Feeds:
Posts
Comments

Posts Tagged ‘New India Palatine’

Originally written in December, 2008.

by Christopher Brinckerhoff

Chicago – As far as white suburbs go, Palatine is the routine run of the mill. But increasing indulgence in ethnic foods could be bending the white bread cookie cutter into a more interesting shape.

Median to above average income census numbers coupled with its comfortable one hour by Metra rail to the city in a garden characterize the typical burb. Out of Palatine’s approximately 65,000 residents about 15 percent are of Latino country origin, according to the 2000 census. The population is about 8 percent Asian and 2 percent black.

Within the Asian group the largest subgroup was Indian Asian, which makes up about half of the 8 percent. While Mexican food and Chinese food have been well established dining choices, Indian food has been increasing in popularity with many Americans, according to workers, owners and customers.

Palatine has six Asian Indian grocery stores and restaurants, and another one on the way, according to Zum Zum Sweets and Carry Out employee Hakeem Aslam. Zum Zum has been at its Rand Road address for about 35 years. The newest Indian food source, India Bistro on Dundee Road, opened Nov. 26.

Hakeem Aslam at Zum Zum Sweets on Rand Road in Palatine served a samosa. It was good. Photo by Christopher Brinckerhoff.

Hakeem Aslam at Zum Zum Sweets on Rand Road in Palatine served a samosa. It was good. Photos and graphic by Christopher Brinckerhoff.

Due to the constantly increasing Indian and Pakistani populations in the U.S. and because people are more open-minded these days, Indian food stands to give other popular ethnic foods a run for their money during the next five years, according to Aslam.

“I have a feeling that because Indian food is moving up, it’s going to be compared to Chinese or Mexican food because that’s the most popular and the most wanted [ethnic] food in the States right now,” Aslam said. “Indian food is going to be number three coming up on the list.”

Krishan Kumer from New India Carryout & Sweets, 773 N. Quentin Road, opened a restaurant in Milwaukee in 2003, and moved that restaurant to Palatine in 2007. Kumer was born in northern India and moved to the United States about 10 years ago. In India he owned a restaurant and sweets shop like the ones he has owned here.

Kumer said one difference between his restaurant in India and his restaurant in the United States is the clientele. In India he served a more homogenous community of customers looking for the same kinds of foods. Here his patrons are more diverse. Therefore he customizes his food more, varying the amount of spices for example, to appeal to a wider range of preferences.

Krishan Kumer of New India restaurant on Quentin Road in Palatine used to own another restaurant in Milwaukee before deciding to move to the northwestern suburb. Photos by Christopher Brinckerhoff.

Krishan Kumer of New India restaurant on Quentin Road in Palatine used to own another restaurant in Milwaukee before deciding to move to the northwestern suburb. Photos and graphic by Christopher Brinckerhoff.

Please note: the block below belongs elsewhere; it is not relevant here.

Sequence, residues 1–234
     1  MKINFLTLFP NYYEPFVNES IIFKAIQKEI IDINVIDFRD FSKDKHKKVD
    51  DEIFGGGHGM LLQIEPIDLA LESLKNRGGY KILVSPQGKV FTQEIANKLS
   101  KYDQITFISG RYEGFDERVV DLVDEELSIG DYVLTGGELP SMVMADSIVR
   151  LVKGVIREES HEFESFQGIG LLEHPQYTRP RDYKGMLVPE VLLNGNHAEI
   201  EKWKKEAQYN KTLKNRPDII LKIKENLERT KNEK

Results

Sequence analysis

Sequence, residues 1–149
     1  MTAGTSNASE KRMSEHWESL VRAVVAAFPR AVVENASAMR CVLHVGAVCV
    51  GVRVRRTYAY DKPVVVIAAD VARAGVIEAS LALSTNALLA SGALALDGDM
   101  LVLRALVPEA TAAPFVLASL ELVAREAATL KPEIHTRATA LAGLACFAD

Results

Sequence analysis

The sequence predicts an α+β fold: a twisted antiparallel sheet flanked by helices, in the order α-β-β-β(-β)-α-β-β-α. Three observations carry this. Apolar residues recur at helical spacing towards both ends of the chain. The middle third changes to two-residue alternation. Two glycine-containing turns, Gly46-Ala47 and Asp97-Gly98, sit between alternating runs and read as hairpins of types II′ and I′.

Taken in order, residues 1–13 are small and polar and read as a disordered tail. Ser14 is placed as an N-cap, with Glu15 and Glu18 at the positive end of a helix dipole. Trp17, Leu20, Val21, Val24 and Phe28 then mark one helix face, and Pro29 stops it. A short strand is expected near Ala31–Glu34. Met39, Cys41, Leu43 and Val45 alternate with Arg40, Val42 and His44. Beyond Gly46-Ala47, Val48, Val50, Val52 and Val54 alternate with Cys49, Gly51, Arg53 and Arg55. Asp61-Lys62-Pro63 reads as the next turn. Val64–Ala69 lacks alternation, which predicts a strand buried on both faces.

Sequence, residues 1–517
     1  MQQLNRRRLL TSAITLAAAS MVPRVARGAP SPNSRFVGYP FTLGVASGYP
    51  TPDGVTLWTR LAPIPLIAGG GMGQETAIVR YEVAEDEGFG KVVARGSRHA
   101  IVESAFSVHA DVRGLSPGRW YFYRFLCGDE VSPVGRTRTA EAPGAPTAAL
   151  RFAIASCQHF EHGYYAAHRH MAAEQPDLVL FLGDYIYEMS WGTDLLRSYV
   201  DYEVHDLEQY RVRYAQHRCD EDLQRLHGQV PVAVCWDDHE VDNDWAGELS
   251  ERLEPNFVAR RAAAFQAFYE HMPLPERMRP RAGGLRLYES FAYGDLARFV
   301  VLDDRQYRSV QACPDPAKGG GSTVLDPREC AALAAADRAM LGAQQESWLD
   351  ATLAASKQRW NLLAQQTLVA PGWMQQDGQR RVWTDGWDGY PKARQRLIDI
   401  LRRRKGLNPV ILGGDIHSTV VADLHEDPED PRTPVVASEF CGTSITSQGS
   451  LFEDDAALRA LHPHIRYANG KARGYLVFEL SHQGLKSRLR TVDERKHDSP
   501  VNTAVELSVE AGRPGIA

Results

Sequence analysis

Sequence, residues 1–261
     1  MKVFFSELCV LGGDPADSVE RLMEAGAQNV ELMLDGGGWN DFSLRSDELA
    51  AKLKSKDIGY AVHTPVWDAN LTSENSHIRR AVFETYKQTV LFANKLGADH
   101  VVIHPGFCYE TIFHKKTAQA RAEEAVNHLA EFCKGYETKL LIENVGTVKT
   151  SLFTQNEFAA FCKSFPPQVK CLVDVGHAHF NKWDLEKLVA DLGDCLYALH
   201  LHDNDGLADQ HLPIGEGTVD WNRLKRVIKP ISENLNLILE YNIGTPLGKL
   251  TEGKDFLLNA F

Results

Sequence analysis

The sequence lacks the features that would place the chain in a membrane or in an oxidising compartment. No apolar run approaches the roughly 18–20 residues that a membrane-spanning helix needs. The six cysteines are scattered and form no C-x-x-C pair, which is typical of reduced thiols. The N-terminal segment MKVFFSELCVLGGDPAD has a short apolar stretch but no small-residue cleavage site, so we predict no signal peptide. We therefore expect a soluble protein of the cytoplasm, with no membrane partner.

Aslam said though his second largest customer demographic is Americans, many people still have misconceptions about Pakistani and Indian food.

“As soon as you say Indian food, they go, eshhee, it’s too spicy,” Aslam said. “Technically, there are only two spices that make the food hot to your tongue, but most of them cause flavor. And if you want to order it without spices, or if you want to cook it at home, you can just exclude those and make your food, and it tastes good without the spices.”

A regular customer of Asian Island, 1202 East Dundee Road, is taxi driver Noshad Nizi. He said in addition to the importance of stores and restaurants like Asian Island for the growing Muslim community in Palatine, the foods are also becoming more and more popular with Mexicans and Americans.

“It’s actually good for everybody around here because it’s a lot cheaper for the same food,” Nizi said. “If you go to the India House, it’s a big restaurant in Buffalo Grove, that’s not the same price. It’s the same thing, same recipes, same everything, but it is a different price.”

Mayor Rita Mullins said she remembers eating round pizza for the first time on a family road trip in the 1960s. At the time, pizza was a foreign food to most Americans. Now there is a pizza shop on almost every corner.

Mullins said she enjoyed some food from New India recently, and although she doesn’t care for hot spicy food, they are able to make it to appeal to your individual taste. According to Mullins, businesses like these encourage relationships among people.

“It is diversity of the people in the world, and we are a microcosm of the world,” Mullins said. “And the more that we can familiarize ourselves, the differences become so much smaller between people.”

Simi Grocers on Quentin Road in Palatine is located between the New India restaurant and Old Oak Pizza. If you want to do some Indian cooking, this is one good resource for you. Photos by Christopher Brinckerhoff.

Simi Grocers on Quentin Road in Palatine is located between the New India restaurant and Old Oak Pizza. If you want to do some Indian cooking, this is one good resource for you. Photos and graphic by Christopher Brinckerhoff.

Copyright 2008

Read Full Post »